Team

Ying
Staton

Director
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Ying Staton

Ying runs Global Counsel’s Asia team from its office in Singapore. Ying has a background in public policy, development and international relations. She has advised senior UK politicians including the Prime Minister, having started her career in the British government where she worked in 10 Downing Street and held a number of roles in the UK Department for International Development in London and Africa.

At Global Counsel, Ying leads client work in Asia. Her work revolves around supporting Asian clients investing and trading overseas, and advising European and American clients on political economy issues and stakeholder engagement in Asia. She has focused on issues around trade, market entry, reputational risk and sustainability, and has worked on client projects in countries including China, Indonesia, Malaysia, Singapore, the Maldives, Nigeria and Gabon.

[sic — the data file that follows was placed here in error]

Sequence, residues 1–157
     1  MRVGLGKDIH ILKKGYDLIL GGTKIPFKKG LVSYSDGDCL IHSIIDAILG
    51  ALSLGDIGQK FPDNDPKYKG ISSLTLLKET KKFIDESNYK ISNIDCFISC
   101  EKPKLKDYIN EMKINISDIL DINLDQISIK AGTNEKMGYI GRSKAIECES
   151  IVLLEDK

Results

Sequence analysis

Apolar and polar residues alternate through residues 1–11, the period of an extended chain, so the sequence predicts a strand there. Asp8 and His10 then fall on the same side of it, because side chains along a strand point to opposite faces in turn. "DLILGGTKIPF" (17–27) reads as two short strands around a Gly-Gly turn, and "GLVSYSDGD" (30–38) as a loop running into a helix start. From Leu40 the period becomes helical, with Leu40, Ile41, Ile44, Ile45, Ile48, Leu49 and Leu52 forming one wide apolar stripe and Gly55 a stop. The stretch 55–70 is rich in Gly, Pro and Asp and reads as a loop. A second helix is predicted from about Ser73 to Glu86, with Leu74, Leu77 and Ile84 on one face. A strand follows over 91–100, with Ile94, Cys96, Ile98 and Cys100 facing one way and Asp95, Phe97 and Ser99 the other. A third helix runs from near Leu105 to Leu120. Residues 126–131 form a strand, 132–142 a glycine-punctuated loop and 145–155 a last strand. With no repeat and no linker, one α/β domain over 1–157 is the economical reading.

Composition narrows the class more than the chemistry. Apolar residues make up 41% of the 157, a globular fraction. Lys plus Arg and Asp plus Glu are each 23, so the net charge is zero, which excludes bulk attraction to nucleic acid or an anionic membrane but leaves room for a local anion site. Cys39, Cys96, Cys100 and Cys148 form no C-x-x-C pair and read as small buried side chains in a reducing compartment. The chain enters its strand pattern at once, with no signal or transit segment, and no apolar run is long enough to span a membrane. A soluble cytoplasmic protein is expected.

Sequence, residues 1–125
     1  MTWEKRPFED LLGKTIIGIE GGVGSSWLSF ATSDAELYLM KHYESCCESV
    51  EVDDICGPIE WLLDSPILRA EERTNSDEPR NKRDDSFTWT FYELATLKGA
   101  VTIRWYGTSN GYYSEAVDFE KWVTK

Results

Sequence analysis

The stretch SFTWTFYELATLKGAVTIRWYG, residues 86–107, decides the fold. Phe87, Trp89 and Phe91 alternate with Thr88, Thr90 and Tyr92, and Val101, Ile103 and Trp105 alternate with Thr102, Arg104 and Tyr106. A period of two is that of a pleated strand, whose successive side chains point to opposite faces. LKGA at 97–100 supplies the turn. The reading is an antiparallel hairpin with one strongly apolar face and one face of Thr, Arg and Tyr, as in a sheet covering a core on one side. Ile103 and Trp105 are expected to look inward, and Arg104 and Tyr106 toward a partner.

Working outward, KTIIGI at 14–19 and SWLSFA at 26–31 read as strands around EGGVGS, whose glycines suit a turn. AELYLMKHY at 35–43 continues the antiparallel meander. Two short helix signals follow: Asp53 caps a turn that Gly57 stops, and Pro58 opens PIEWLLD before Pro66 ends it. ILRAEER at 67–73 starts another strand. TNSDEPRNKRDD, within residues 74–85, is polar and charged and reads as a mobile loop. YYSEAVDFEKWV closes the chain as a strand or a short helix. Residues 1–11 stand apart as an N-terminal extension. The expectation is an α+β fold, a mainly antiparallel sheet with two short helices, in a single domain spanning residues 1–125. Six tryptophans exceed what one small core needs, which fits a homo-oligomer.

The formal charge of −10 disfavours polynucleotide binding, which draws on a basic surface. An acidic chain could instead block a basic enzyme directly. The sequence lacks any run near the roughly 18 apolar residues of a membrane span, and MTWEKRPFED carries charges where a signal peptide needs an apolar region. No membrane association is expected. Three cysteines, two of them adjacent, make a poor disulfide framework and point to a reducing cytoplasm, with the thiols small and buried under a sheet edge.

Latest Insights by Ying Staton

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Foreign Investment: Rising Tides of Politics in Regulation

Financial Services

Recent years have seen important global shifts in both the policy frameworks for screening inward foreign investment and the way in which they are applied. These shifts come against a backdrop of protectionist political rhetoric and anxieties about the impact of foreign direct investment (FDI) in traditionally open economies. The new landscape is exemplified by the…

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General Politics

Will Britain lose Dyson to Singapore?

General Politics

Last week Dyson announced the opening of a new £330 million R&D centre in Singapore. The focus of the centre, home to Dyson’s new Global Technology Centre of Excellence, is on commercialising Dyson’s technology for global markets, including, for example, for use in smart homes. Dyson has grand ambitions to expand beyond household devices into technologies that will…

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Financial services icon

Tackling “fake” FDI: why China is clamping down on foreign acquisitions

Financial Services

At the end of November, the Chinese government indicated that it intended to exert greater scrutiny over Chinese outbound investment. Draft policy papers released online outlined a new policy whereby government approval would be required for foreign acquisitions valued over US$10 billion, or US$1 billion if the target was considered to be outside of the acquirer’s core…

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